I’ve written in earlier posts about the way that artists often seem to use perceptual puzzles as a starting point for aesthetic and emotional effects in artworks. This is a particularly fascinating example. It’s a work of art, but it’s also a record of emotional effect arising out of a perceptual puzzle, an ambiguous image, in a quite different kind of activity – divination. If I’ve got it right, quite a lot of fortune telling starts with ambiguous visual discoveries like this, when peering into tea-leaves, or crystal balls. I wonder how deep the common roots of aesthetics and shamanistic experiences go.

One route you can trace is through the entrails. You can’t quite be sure in this image, but when you look at the real thing, so you can look round the edges, the face is made up of one continuous entrail, coiling to and fro. If you can get to the British Museum, it’s in a case in their new Mesapotamia gallery, but you may have to hunt around, it’s not big.

Animated illusion cartoon – post no. 2

Here’s a new chance to see illusions as you’ve never seen them before (unless of course you viewed our first post on animated illusion cartoons).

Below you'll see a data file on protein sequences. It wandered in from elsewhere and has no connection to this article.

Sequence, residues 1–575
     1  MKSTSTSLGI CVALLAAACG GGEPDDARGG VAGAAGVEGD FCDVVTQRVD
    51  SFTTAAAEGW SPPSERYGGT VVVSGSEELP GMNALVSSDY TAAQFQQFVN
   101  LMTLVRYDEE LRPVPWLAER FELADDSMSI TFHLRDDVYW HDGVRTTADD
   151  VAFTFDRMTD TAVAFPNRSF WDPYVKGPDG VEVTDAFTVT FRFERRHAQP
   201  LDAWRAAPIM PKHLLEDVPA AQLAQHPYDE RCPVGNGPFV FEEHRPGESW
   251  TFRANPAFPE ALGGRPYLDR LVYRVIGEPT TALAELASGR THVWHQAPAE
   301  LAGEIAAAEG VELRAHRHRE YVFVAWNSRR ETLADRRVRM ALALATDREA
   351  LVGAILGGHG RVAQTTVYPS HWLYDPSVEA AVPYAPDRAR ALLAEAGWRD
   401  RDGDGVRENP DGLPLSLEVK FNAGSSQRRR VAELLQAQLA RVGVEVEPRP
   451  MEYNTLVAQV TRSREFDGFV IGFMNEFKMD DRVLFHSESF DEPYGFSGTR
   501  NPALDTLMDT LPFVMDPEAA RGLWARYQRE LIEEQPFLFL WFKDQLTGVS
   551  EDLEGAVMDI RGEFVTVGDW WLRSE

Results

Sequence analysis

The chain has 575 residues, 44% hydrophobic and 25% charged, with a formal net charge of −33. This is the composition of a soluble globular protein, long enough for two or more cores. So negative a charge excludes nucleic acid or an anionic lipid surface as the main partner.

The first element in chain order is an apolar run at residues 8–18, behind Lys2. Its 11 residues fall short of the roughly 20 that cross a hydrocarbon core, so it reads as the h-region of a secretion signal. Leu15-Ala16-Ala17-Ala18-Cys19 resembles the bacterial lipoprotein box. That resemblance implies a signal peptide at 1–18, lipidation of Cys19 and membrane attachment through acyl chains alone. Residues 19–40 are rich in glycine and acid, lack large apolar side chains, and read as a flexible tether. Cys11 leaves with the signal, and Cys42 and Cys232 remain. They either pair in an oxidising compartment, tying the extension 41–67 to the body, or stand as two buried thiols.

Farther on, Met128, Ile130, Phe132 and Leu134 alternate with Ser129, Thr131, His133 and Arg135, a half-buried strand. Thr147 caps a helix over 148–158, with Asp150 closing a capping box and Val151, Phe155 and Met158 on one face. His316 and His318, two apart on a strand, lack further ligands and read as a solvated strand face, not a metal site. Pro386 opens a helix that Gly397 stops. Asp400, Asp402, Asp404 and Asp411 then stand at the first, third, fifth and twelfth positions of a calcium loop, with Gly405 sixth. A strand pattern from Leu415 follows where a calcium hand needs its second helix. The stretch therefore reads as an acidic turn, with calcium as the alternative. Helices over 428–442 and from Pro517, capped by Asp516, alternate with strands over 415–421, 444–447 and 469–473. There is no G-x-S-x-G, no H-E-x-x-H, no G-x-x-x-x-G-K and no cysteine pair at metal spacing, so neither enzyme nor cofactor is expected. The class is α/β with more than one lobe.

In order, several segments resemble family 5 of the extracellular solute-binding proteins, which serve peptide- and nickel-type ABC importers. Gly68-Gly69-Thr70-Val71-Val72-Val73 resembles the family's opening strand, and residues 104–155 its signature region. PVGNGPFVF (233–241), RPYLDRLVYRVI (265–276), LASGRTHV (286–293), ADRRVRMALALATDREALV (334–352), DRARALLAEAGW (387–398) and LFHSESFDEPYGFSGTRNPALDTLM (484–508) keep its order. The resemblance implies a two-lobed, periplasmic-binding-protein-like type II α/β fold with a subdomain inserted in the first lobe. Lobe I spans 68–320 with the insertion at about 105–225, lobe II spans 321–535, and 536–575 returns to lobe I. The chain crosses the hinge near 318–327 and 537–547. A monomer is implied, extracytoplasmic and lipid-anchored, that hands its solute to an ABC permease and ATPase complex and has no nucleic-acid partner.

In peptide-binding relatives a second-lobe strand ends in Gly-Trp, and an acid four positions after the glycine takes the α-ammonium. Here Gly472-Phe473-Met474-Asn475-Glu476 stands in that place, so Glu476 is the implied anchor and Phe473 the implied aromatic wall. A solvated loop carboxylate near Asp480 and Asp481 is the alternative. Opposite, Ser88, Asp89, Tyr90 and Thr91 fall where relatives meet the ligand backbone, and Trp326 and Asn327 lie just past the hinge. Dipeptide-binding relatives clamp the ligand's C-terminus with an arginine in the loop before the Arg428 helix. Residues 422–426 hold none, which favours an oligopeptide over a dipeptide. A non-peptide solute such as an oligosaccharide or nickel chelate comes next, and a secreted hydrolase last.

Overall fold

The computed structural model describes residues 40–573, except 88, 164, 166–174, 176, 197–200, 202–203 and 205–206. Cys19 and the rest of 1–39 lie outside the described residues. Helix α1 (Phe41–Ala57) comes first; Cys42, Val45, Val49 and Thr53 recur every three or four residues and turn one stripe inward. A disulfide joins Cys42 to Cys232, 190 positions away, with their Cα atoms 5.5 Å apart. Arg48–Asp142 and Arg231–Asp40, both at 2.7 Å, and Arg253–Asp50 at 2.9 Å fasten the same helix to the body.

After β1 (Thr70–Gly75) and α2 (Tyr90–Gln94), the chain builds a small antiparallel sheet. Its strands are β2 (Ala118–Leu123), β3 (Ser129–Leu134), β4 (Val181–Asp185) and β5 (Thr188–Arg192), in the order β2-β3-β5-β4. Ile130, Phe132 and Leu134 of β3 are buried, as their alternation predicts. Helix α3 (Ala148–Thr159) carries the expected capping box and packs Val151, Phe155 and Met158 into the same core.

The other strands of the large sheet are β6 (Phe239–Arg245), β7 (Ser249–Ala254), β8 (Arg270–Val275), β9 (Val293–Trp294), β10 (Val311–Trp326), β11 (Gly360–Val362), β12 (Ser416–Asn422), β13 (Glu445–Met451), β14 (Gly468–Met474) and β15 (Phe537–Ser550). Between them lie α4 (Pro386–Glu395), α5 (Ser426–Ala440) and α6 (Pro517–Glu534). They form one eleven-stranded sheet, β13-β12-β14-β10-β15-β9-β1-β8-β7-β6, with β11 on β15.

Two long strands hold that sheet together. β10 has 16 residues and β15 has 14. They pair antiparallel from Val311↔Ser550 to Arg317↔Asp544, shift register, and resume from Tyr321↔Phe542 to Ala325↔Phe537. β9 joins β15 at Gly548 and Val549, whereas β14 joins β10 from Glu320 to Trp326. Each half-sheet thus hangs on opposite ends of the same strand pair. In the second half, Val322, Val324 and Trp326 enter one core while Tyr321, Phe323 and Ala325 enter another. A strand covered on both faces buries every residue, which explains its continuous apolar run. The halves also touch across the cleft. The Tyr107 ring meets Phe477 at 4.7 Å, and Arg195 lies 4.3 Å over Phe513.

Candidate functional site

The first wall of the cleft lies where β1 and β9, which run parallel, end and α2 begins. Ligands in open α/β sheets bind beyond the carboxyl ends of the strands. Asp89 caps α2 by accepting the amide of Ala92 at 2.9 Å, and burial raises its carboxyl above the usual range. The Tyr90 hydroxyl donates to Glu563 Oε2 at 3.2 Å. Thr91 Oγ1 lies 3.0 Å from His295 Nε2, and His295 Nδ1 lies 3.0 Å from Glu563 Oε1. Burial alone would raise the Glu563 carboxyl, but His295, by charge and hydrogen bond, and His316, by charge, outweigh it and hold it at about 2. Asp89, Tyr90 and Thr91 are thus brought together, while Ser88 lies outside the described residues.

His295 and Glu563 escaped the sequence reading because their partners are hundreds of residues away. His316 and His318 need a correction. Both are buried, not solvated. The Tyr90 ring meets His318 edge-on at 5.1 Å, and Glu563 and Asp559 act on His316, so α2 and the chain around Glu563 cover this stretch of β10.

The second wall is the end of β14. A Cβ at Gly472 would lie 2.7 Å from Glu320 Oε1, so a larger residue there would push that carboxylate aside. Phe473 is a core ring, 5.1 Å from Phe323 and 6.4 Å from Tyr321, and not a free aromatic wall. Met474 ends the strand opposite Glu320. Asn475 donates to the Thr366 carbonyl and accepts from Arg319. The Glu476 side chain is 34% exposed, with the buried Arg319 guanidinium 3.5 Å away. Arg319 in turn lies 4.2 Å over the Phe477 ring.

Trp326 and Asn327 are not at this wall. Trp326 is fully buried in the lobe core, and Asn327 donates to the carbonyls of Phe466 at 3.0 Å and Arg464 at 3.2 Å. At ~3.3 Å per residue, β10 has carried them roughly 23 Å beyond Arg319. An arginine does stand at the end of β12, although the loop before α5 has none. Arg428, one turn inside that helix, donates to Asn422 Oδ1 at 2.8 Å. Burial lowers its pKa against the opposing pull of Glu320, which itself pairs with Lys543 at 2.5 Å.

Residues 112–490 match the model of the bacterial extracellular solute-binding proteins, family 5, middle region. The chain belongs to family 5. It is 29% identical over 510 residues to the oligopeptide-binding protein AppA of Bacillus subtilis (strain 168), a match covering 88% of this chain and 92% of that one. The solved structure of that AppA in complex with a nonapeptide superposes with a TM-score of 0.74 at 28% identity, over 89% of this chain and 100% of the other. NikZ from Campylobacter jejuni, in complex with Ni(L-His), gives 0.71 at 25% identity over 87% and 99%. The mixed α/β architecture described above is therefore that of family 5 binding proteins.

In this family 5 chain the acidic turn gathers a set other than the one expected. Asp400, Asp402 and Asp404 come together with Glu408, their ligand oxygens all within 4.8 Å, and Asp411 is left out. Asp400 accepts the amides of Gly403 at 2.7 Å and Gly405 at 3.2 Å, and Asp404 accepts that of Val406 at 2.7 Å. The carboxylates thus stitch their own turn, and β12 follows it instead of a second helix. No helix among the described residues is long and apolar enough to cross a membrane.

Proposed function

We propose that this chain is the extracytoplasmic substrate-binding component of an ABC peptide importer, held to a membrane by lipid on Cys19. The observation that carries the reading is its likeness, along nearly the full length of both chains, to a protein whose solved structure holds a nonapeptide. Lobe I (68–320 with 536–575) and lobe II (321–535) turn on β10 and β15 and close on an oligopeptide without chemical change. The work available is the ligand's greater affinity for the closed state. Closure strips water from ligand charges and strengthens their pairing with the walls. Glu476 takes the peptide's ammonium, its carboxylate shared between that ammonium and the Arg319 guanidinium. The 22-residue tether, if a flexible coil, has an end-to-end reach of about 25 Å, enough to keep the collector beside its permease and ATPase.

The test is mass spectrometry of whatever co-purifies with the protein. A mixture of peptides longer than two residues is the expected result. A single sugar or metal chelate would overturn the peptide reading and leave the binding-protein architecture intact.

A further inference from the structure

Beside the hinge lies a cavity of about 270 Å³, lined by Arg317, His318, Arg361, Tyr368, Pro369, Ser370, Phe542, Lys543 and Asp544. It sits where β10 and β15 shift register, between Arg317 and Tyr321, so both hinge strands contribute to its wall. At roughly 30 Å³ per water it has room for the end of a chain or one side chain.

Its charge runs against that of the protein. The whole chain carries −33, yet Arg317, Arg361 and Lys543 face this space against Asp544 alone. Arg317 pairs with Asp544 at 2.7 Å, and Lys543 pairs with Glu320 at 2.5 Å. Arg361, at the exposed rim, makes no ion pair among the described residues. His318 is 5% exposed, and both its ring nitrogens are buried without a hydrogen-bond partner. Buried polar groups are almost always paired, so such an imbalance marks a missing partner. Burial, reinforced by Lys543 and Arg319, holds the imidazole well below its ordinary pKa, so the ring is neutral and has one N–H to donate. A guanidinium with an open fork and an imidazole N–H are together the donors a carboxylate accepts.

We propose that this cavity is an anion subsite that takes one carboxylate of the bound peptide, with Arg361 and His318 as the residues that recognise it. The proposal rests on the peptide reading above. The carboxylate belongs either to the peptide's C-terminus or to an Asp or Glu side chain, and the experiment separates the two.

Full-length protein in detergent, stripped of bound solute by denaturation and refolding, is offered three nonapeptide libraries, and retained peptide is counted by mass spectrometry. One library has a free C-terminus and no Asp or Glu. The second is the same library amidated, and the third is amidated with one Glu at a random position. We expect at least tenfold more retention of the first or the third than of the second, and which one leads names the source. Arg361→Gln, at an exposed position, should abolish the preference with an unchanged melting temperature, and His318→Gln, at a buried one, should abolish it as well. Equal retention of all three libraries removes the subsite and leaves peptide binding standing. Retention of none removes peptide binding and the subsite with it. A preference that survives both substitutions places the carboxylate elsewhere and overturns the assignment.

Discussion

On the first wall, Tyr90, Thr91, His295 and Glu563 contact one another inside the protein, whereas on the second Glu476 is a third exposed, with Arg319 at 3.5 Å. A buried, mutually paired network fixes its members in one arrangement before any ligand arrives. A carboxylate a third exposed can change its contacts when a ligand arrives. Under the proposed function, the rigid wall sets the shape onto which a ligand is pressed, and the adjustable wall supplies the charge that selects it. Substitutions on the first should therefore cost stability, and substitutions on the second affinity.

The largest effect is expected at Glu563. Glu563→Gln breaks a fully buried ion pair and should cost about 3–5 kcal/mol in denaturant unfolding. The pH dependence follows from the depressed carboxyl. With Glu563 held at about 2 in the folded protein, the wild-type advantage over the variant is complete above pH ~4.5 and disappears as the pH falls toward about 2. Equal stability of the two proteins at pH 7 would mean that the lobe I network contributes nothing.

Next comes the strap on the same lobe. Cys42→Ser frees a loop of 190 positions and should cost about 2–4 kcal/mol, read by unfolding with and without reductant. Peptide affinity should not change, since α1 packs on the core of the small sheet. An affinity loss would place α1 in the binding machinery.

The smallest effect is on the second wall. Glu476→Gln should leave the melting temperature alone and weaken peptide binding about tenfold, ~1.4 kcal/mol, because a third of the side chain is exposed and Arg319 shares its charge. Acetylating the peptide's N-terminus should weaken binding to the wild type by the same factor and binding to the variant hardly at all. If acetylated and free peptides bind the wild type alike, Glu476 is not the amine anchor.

This one is STAG and the SNOW FAIRY.  The illusion it features, on which we have an earlier post, also with an animation, is revolving heads.

You can also view Stag and the Snow Fairy as a
Quicktime Movie

You should also be able to download Stag and the Snow Fairy for mobiles. This is a bit experimental, so please let us know if it works:

formatted (filesize 924 KB, .mp4 format) for
mobiles EXCEPT Iphones

formatted (filesize 3.2 MB, m4v format), for

Koala and Woven Person

Who's looking at who's severed head


Here’s another ambiguous severed head illusion.  Is Koala thoughtfully holding up the severed head of Woven Person for inspection, or is it the other way round?  You can see it both ways.  For examples of this illusion in earlier posts, check out The Screams after Munch, the Monks, and the Mask/Skull illusion.  (On that link this illusion may be at the top of the page, if so scroll down for the previous versions).